Travel and find yourself! Just like in her previous novel, The Summer of France, Paulita Kincer has the knack to pull you along with her characters into a challenging and refreshing adventure. In I See London I See France, you follow Caroline. Super busy with her kids and her own requirements to have everything as perfect as she can, without any support from her work-alcoholic husband, one day she really has enough, and decides to reconnect with her past and her love of travel, hoping to discover new outside and inner landscapes where she could really enjoy life to the full again. She takes her kids with her, and here we go, to Europe, to London, Scotland, and then to France, Paris and Provence. I really enjoyed the plot, and the characters, all so real, from the kids to the parents and friends. Paulita’s dialogues are really great, you feel really like you are there, witness to what’s going on in the characters and between them. Her writing flows, so lively. It was fascinating to see how Caroline evolved through her trip, in her relationship to her old self, to her kids, and others, including her husband. You will have to read the book yourself to see how travel can help you mature. And of course yes I enjoyed the elements of travel; the passages on the Loch Ness were kind of cool, and of course, when you get to Paris (Monet’s Garden!) and then Provence, what is there not to enjoy? I felt like I was right there, enjoying the sun and the smell of baked bread, and not in this hellish Chicagoan cold… VERDICT: If you like travel (Ah, Paris! Provence!), family issues, strong women trying to find their real place in life, and a touch of romance, don’t hesitate a second, this book is right for you!
gaele More than 1 year ago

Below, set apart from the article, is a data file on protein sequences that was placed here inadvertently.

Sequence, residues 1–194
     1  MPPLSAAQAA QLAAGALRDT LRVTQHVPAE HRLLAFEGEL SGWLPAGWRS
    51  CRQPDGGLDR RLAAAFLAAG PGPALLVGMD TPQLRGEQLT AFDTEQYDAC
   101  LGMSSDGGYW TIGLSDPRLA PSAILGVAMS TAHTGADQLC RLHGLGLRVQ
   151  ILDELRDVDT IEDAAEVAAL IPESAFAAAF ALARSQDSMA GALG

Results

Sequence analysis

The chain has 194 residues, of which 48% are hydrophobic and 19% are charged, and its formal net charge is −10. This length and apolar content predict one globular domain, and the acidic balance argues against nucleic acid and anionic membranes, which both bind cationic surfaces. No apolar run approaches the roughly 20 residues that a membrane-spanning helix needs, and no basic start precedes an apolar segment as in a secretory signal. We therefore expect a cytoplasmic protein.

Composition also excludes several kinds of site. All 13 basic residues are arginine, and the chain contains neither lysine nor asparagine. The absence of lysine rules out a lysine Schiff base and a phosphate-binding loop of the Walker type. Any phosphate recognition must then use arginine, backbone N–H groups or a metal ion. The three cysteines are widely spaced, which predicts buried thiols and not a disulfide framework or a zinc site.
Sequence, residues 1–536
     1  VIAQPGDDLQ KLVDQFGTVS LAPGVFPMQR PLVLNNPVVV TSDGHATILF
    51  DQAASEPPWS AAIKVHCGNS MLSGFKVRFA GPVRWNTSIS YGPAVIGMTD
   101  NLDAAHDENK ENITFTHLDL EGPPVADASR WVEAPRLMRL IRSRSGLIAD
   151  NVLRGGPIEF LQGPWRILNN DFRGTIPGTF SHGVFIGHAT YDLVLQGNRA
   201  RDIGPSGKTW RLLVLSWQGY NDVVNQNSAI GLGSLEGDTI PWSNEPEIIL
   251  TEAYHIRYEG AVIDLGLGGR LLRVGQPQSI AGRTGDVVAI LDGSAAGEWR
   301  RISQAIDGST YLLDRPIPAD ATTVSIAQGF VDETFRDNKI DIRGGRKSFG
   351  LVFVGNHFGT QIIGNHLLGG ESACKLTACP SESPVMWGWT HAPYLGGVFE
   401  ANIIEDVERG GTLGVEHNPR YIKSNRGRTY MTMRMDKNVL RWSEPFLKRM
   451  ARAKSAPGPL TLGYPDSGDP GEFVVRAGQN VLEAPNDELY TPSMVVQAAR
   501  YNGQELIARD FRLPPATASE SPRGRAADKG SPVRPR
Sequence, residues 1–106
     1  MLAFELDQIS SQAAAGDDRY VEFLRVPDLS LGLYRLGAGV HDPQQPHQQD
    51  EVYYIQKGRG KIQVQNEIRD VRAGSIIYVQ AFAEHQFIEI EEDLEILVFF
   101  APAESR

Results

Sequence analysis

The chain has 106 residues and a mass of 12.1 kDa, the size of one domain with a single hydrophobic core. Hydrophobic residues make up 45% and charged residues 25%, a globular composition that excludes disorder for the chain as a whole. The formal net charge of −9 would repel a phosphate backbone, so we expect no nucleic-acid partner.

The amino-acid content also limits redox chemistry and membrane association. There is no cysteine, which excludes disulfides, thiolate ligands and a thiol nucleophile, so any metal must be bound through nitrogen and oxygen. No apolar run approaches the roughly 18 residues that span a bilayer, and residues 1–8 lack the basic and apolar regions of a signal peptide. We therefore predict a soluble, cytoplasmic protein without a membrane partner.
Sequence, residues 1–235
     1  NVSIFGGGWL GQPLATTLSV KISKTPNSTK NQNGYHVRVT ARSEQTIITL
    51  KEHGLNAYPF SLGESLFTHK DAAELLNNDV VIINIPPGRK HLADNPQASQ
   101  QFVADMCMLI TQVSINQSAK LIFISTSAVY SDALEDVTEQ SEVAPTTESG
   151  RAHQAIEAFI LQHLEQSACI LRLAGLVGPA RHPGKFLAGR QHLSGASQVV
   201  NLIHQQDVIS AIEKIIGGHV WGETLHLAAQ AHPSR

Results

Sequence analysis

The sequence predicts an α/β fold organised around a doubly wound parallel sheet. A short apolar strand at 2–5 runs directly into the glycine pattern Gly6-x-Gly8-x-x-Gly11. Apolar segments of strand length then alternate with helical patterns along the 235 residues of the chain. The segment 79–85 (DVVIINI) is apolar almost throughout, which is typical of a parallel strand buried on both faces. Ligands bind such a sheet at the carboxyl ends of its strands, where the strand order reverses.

I think I enjoyed this story mainly because I wanted to have the courage that Caroline showed: chucking it all in and heading to Europe to just travel  and escape the reality of a situation at home that feels untenable.  Looking for a fresh start, yet unwilling to leave it all behind, she packs up her children and returns to a time when her dreams were fresh and potential was limitless: searching for answers to questions she hadn’t realized existed until recently.  There is a saying that ‘life is what happens when you are busy concentrating on something else’, and Caroline is really a woman who epitomizes this phrase.  With a marriage that is, from her husband’s perspective, not working, and three children under 10, the daily challenges to get through a day often overtakes personal dreams and plans made when we were younger.   Getting to visit Scotland, London, Paris and Provence with Caroline as she shows the cities and countries off to her children brings a new and modern feel to those areas.  With her retracing of her steps from her au pair days, we also are treated to a look back on her experiences and feelings from those years.  What develops is a richly detailed tapestry, full of layers and potential, as Caroline has a choice to make, and the lure of the sort of man she once thought she wanted may just tilt her decisions.  While I often wondered at just how she managed to pack kids and head off to Europe with a loosely defined itinerary, I also was able to see that perhaps Caroline was much more passive in her life, waiting for decisions to be made for her, instead of making those choices. During her trek, she had the opportunity, and took the chance to confront that more passive approach to life, allowing herself to be subjugated and last in the equation.  While not always comfortable, her growth and willingness to take accountability for the situation she is in, as well as the steps needed to make a change that will decide the next decade of her life was the perfect climax point for her story, and made the ending all that more satisfying.  I received an eBook copy from the author for purpose of honest review for a stop with France Book Tours. I was not compensated for this review: all conclusions are my own responsibility.